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        Analyse du Jeu des Echecs

      1821. PHILIDOR, François. Analyse du Jeu des Échecs Par Philidor, Avec une nouvelle notation abrégée, et quarante-deux planches où se trouve figurée la situation du jeu pour les renvois et les fins de partie. Nouvelle Édition. A laquelle on a joint la figure et la marche des différentes pieces de ce Jeu, ainsi que l&#39;explication des termes qui lui sont particuliers. [iv], 150 pp. Illustrated with 42 plates depicting various set-ups of chess boards in multiple colours, and one small black-and-white woodcut vignette of chess figures. Small 8vo., 184 x 116 mm, bound in publisher&#39;s printed yellow wrappers (loss to foot of spine), in a new cloth clamshell box. Philadelphie: Chez J. Johnston, Libraire-Editeur, n.d. [1821?].François Andre Danican Philidor was a French composer and chess-player, who wrote this book on the game of chess. One of the best and most famous chess player of the second half of the 18th century, he counted among his many opponents both Voltaire and Jean-Jacques Rousseau. He was so good at the game that a rumour arose in France that his musical compositions were written by someone else, as one could not be both a master chess player and a good composer. Philidor was admired and studied by Benjamin Franklin, who supposedly obtained his autograph, and Thomas Jefferson owned a first edition of this book, which was apparently one of his favorites. First published in 1749 in London under the patronage of the Duke of Cumberland, this later edition comes with 42 plates of a chessboard with the pieces in various formations. The chessboard is printed in a lovely green and white, with the chess pieces portrayed by red and black capital letters. With the exception of a small loss at the foot of the spine, and a little wear, in fine condition.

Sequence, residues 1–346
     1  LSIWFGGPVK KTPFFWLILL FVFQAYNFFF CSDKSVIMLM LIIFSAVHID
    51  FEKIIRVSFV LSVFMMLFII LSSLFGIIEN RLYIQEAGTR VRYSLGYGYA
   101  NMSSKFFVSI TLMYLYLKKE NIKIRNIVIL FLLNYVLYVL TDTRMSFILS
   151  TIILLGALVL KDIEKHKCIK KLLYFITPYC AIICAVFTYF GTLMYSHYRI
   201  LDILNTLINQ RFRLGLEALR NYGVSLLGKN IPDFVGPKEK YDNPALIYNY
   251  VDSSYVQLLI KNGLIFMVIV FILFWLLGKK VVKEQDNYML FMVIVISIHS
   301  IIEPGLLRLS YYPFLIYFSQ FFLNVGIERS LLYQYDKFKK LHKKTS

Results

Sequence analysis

[Bookseller: Ursus Rare Books ]
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        Fabbriche e Disegni di Giacomo Quarenghi